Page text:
Scary(-ish) Stories to Tell in the Dark

Jill Anthony, A&E Editor

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Scary Stories to Tell in the Dark, a book that traumatized childhoods for kids everywhere, but its spine chilling tales didn’t stop them from lining up at the library itching to get a copy of the haunting book. In August 2019, the film version of Scary Stories was released, carrying on the books’ legacy for new generations.

The film, directed by André Øvredal, brings watchers back to fourth grade when groups of friends would be huddled together in a pillow fort eager to read about severed limbs and characters with crooked teeth and missing eyes.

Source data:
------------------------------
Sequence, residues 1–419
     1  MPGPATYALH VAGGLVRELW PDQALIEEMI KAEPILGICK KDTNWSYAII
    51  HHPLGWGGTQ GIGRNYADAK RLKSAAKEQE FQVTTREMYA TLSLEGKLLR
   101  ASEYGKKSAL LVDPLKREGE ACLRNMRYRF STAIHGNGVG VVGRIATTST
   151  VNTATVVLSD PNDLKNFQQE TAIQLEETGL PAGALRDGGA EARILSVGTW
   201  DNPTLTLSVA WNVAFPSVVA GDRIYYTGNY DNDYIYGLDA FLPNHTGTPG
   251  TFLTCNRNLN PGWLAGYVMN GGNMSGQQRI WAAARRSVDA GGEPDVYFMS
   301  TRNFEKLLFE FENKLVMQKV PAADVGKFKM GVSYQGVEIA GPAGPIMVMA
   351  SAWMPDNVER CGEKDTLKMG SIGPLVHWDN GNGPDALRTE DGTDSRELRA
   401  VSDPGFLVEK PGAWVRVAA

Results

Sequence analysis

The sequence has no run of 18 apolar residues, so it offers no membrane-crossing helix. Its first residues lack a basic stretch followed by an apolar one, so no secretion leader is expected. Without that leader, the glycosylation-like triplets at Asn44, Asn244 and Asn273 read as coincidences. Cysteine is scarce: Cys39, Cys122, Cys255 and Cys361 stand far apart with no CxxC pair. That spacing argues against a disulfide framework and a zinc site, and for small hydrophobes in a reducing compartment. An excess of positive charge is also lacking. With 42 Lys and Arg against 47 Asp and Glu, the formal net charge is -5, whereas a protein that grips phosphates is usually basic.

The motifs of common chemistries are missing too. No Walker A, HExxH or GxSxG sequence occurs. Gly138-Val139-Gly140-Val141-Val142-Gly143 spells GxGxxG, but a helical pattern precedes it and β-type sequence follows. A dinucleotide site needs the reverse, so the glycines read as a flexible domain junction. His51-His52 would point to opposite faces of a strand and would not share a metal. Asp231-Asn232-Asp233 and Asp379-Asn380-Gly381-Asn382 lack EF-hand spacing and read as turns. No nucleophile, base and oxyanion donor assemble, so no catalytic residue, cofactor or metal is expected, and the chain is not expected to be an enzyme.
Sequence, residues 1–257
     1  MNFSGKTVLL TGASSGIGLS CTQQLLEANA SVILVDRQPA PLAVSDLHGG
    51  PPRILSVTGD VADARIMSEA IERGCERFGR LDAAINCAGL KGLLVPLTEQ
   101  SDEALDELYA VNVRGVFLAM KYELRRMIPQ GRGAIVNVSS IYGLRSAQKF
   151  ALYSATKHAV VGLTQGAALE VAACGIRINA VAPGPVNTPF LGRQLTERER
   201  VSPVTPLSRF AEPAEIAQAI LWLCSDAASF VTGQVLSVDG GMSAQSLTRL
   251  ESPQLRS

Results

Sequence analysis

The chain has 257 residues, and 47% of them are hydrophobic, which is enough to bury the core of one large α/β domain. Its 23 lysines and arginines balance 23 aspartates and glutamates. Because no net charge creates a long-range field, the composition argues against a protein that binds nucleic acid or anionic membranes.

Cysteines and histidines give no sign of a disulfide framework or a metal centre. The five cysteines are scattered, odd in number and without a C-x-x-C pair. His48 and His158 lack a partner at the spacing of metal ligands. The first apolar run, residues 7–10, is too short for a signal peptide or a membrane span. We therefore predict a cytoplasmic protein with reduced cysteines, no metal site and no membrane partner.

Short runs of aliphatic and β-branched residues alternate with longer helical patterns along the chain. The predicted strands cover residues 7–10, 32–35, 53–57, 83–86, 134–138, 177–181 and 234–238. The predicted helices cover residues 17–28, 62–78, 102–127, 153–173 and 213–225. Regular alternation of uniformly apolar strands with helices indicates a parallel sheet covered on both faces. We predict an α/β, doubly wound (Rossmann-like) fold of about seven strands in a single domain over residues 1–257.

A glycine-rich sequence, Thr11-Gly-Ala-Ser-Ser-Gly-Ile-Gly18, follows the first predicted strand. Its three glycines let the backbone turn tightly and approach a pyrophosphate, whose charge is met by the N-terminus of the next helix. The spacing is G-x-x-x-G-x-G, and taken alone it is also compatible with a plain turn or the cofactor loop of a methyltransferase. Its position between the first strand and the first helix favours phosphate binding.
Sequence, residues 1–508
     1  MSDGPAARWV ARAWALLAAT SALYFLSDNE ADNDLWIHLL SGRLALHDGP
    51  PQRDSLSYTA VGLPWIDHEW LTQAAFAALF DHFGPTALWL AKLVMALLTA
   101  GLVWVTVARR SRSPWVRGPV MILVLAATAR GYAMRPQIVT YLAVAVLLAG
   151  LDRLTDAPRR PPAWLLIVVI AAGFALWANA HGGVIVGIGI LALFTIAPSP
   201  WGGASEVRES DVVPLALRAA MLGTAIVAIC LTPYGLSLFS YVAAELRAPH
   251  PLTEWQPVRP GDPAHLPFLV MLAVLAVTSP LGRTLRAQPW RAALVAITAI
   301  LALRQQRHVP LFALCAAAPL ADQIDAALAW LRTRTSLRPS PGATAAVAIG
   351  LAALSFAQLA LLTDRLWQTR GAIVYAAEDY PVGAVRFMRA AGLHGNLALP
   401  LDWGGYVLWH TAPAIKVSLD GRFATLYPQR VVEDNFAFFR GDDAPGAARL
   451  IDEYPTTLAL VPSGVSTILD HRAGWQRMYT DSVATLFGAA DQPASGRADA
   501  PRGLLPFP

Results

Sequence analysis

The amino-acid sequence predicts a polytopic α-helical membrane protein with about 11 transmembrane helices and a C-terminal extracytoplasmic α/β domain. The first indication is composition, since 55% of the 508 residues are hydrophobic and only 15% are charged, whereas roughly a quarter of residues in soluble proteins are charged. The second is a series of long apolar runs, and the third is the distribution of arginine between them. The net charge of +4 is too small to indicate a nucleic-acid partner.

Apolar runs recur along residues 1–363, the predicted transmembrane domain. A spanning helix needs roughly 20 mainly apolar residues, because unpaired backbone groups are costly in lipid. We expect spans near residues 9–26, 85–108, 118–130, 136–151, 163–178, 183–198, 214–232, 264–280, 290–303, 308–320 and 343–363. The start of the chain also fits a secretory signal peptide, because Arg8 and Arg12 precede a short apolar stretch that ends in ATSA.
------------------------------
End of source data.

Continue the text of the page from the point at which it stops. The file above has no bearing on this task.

Øvredal was inspired by The Brothers Grimm fairy tales. These fairy tales aren’t your average pretty pink princess stories; these have dark twists and turns on each page. Scary Stories is no different.

The lighting and music in Scary Stories are just like your average scary movie, dark and dingy. However, that does just the trick to add a little extra suspense to each scene. The gloomy vibe pairs perfectly with the horrific creatures brought to life in the form of special effects and makeup.

Scary Stories is a mild horror type of film, meant for the younger generations of moviegoers. If you are looking for something to make you jump out of your seat, try The Ring or The Exorcist. However, if you enjoy nostalgia or are forced to go see a scary movie with a group of friends, Scary Stories is the way to go.